The project is one of recognition and revelation within the reader: the book wants nothing less than the dissolution of your consciousness into its pixellated moments of psychological precision ... the third section, 'Manfred,' grows a little tedious. Unlike Aciman’s steamy first novel Call Me by Your Name, most of the skin-to-skin contact in Enigma Variations occurs in the narrator’s head, and in 'Manfred,' Paul wallows longwindedly in the agony of delayed avowal ... Intriguingly, as we witness Paul repeatedly rearrange his life around a new magnetic north, it becomes clear that his bisexuality abets his serial monogamy ... Aciman has captured Paul’s bridge life delightfully well.
Enigma Variations isn’t a conventionally linear novel. Though it first appears to contain all the delights of that form — the immersiveness, the shocks of plot — it has too many gaps and intentional omissions. Instead, this book wants to be music in words, giving the reader a cellular sense of how it feels to move through time ... Aciman writes arousal so beautifully you miss it when it’s gone ... Near the end the book’s harmonic intention comes to full flower. Giovanni rings through Maud, Maud through Manfred. It’s not that they’re variations on the same character; they don’t inhabit the same emotional position ... Perhaps the book’s greatest wonder is to suggest we can be wildly different people over the span of a life depending on what we lack ... He writes with the ferocity of a writer who’s finally getting his vision down, and he has to say it, has to get it out. He’s made a magnificent, living thing.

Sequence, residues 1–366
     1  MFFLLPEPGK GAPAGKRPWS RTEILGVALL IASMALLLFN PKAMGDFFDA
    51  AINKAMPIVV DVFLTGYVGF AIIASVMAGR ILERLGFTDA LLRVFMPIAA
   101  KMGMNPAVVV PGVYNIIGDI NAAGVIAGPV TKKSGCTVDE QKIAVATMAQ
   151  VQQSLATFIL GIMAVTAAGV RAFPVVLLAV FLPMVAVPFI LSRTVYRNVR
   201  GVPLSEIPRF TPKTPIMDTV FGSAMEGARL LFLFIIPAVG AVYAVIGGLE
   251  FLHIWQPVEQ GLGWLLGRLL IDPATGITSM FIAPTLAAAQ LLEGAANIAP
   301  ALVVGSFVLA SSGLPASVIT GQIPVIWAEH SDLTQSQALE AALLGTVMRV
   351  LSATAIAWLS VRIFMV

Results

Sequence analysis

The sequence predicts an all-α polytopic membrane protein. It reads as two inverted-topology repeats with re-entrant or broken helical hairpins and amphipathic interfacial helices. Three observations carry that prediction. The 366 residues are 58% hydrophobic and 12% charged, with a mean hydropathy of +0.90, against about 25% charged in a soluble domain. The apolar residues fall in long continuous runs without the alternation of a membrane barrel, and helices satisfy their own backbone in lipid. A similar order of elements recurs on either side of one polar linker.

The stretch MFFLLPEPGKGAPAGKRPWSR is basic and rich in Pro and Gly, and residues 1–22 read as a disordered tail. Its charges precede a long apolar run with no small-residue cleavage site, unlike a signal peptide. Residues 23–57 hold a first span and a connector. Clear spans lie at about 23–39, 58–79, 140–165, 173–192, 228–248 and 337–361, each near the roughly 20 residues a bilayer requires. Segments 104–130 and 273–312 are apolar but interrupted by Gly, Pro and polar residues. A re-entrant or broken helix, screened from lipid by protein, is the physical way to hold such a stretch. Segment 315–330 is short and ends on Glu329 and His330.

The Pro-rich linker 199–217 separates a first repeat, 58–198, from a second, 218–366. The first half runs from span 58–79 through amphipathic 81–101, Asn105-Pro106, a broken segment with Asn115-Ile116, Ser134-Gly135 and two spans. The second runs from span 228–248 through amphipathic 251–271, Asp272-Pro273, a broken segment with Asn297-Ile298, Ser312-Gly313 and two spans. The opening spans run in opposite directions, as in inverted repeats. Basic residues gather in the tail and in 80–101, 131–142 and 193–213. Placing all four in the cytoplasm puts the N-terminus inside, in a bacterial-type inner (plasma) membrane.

...a sublime series of portraits of one man’s sexual history ... Aciman writes tremendous lust scenes — moments where the erotic power of a man or a woman is so strong it reshapes its well-educated but heedless hero ... The fractured structure of Enigma Variations is key to the novel’s strength — the book is built on variations on a theme, not a familiar arc of love-gone-wrong or happily-ever-after. This leads to some contrivances, like the section about the woman Paul tumbles into bed with once every four years. But the push-me-pull-you relationship is also a surprisingly tender way to explore the idea of 'relief [and] its terrible partner, indifference, which is the impulse to let go before we’ve even begun reaching for what we crave' ... There’s something here for everyone, along with the appealing notion that everybody can be encompassed by this book’s particular someone.
This touch of archaism, even fogeyishness, is refreshing. It is unusual for contemporary books about sexual relationships to be so devoid of millennial cynicism. There is almost no political backdrop and almost no overt social critique. And even if the characters are battle-weary, their jadedness is only ever temporary. The pursuit of love (and slaking of lust) trumps all considerations. The chase, with Mr. Aciman, is always thrilling ... Enigma Variations is Mr. Aciman’s fourth novel and his most sophisticated treatment of bisexuality ... The different strands of his protagonist’s character and experience gradually build into a portrait of a credible, mutable, sincere and reliably inscrutable human being ... Perhaps the most affecting tale is 'Star Love,' a brilliantly restless narrative that ranges from Paul’s university days to an era after Manfred has gone. It portrays the slings and arrows of a hopeless and persisting love affair ... This is an enormously intelligent and captivating novel, filled with surprising twists and psychological acuity. Its success, however, also contains some seeds of failure. As in his previous novels, most notably Eight White Nights Mr. Aciman refuses to say much about the privileged arena his characters inhabit...With a little more tethering to the world that nourishes Paul’s angst, Enigma Variations could have been even more satisfying.